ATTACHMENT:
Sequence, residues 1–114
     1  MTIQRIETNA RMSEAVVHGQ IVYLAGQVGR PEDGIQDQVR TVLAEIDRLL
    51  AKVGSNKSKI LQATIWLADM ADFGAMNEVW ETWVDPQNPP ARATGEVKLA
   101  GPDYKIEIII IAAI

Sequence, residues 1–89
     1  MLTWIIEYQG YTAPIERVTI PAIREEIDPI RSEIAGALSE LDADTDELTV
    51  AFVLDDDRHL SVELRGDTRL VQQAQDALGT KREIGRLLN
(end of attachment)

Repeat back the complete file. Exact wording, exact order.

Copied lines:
Sequence, residues 1–114
     1  MTIQRIETNA RMSEAVVHGQ IVYLAGQVGR PEDGIQDQVR TVLAEIDRLL
    51  AKVGSNKSKI LQATIWLADM ADFGAMNEVW ETWVDPQNPP ARATGEVKLA
   101  GPDYKIEIII IAAI

Sequence, residues 1–89
     1  MLTWIIEYQG YTAPIERVTI PAIREEIDPI RSEIAGALSE LDADTDELTV
    51  AFVLDDDRHL SVELRGDTRL VQQAQDALGT KREIGRLLN